Saturday, January 2, 2010


Writing in the new year

"Clockworks," the prequel (of sorts) to "Helping Them Take the Old Man Down," is progressing well enough. As with some other recent projects, my approach is nonlinear. I toss ideas and scenes into the document as they occur to me. I've had the story's arc long in place, though there have been some revelations (for me) along the way about how to get there and what it all means. I'm at about six thousand words; it may end up with around eight thousand, but the length isn't a concern or consideration. It'll be as long as it'll be, and I'm hoping it will be published at Asimov's as a follow-up to the other story. It's nice to feel some confidence about that, and to note that such confidence isn't impairing my aims for the story's quality.

A rather short piece of non-genre fiction, less than two thousand words, is nearing completion as a full draft. It's called "Set It Down."

"The Dearness of Bodies in Motion" was revised, in only the smallest ways, and sent out a few days ago to two venues (after having been rejected in accordance with the promised timing by Tin House). I hadn't reread the story for many months, so the sentences and the story's structure kept catching me off-guard. As always, it's nice to be surprised by one's work.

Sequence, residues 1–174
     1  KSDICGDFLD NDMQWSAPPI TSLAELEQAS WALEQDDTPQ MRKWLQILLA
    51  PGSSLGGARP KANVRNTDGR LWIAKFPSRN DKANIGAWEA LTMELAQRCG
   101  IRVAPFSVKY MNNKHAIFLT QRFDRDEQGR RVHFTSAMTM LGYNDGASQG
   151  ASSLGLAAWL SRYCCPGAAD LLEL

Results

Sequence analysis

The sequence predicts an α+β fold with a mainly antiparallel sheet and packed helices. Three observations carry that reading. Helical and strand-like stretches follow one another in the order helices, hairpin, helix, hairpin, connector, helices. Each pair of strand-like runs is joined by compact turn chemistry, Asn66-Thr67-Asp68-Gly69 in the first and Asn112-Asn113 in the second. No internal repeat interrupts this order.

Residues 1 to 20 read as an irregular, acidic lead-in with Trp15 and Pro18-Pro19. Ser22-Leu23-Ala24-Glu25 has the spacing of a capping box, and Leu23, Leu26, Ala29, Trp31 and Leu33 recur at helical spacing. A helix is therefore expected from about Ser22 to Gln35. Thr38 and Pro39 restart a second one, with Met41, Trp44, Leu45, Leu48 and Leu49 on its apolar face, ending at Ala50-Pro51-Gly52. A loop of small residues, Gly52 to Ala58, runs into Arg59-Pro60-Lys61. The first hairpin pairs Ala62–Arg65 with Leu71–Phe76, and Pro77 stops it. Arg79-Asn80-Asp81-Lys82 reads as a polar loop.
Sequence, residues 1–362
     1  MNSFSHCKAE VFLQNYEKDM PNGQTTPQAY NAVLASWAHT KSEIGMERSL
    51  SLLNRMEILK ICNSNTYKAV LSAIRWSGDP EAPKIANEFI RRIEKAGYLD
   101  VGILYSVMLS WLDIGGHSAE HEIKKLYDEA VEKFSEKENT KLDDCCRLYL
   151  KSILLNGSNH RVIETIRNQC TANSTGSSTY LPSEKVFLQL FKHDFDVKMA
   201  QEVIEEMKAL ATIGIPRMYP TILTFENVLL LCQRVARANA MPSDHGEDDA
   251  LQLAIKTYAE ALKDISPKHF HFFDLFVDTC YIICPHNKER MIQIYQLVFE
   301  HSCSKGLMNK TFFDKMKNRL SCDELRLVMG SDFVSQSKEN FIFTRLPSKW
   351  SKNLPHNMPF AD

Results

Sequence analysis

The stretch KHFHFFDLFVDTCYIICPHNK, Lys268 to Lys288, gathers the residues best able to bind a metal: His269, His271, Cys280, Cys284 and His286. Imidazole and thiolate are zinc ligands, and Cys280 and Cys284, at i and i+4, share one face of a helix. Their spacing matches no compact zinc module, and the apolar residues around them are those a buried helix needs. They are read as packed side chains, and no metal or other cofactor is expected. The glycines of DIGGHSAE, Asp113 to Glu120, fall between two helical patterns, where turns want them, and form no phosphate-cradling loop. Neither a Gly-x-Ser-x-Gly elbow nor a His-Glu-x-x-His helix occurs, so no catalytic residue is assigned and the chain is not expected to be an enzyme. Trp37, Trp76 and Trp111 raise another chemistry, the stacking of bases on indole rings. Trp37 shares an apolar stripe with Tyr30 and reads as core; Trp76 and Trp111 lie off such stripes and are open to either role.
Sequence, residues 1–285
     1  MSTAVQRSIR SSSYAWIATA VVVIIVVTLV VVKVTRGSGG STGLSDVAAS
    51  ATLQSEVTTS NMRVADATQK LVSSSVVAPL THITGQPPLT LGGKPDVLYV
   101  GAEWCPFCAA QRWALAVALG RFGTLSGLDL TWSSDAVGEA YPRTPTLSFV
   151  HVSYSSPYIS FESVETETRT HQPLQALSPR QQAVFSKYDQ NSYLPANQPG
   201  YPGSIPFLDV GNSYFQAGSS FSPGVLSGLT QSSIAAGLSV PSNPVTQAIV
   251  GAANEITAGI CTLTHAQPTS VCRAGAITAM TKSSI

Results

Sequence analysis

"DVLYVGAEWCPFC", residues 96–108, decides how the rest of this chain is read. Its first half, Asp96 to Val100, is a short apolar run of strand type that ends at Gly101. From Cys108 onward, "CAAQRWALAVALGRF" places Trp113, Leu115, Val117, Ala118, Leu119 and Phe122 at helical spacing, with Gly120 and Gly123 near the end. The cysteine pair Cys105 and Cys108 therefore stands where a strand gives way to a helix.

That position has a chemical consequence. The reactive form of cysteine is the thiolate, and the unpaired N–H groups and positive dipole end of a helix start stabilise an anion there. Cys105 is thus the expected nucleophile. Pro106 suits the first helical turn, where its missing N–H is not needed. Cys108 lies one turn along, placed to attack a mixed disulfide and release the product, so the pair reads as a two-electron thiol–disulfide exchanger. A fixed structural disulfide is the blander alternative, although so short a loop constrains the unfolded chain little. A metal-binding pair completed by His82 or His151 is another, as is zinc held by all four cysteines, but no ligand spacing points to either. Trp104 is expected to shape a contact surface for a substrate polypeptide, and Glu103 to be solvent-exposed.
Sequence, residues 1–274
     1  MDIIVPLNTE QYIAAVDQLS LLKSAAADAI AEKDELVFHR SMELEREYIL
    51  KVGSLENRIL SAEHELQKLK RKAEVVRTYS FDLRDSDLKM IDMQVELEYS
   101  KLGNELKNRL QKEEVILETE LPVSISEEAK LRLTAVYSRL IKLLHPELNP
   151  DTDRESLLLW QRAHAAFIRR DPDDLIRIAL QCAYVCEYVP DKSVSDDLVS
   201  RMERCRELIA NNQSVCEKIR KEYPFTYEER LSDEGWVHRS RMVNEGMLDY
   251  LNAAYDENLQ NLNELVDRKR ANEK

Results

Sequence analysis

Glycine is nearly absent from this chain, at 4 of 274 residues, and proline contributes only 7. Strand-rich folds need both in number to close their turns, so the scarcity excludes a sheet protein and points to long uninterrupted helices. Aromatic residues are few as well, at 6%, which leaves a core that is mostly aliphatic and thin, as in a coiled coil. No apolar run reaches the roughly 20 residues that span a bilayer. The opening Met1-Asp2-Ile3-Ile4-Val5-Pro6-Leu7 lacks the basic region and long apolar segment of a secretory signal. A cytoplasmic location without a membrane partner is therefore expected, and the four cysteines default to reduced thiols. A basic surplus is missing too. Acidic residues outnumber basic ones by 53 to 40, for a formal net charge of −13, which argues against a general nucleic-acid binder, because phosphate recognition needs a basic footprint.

I should hear back any day now about "My Story of Us Looking for My Comic Strip, by Franklin James Nemeth."

And reading

Currently, I'm finishing Chris Hedges's jeremiad Empire of Illusion: The End of Literacy and the Triumph of Spectacle. I don't disagree with anything Hedges says, but the ranting tone doesn't help with make his points, and he's often too narrowly focused to provide a satisfactory argument. On a chapter seemingly condemning all of the U.S. higher education system, he targets his alma mater, Harvard, as well as UC Berkeley and Princeton for glaring stupidities, and he also condemns the elitism intrinsic to the system (and to the private schools feeding the system). But he leaves out every good thing and ignores the vast majority of the higher education system--which might be condemned for letting in everyone rather than keeping most people out. What's wrong with that chapter is what's wrong with the book, as the coherence of his arguments aren't allowed room to breathe and his personally ground axes flash on every page.

Highly recommended is artist and author David Small's graphic memoir, Stitches. If you've read Small's children's books, you'll be utterly unprepared for this. The art serves the story well, and both are gripping.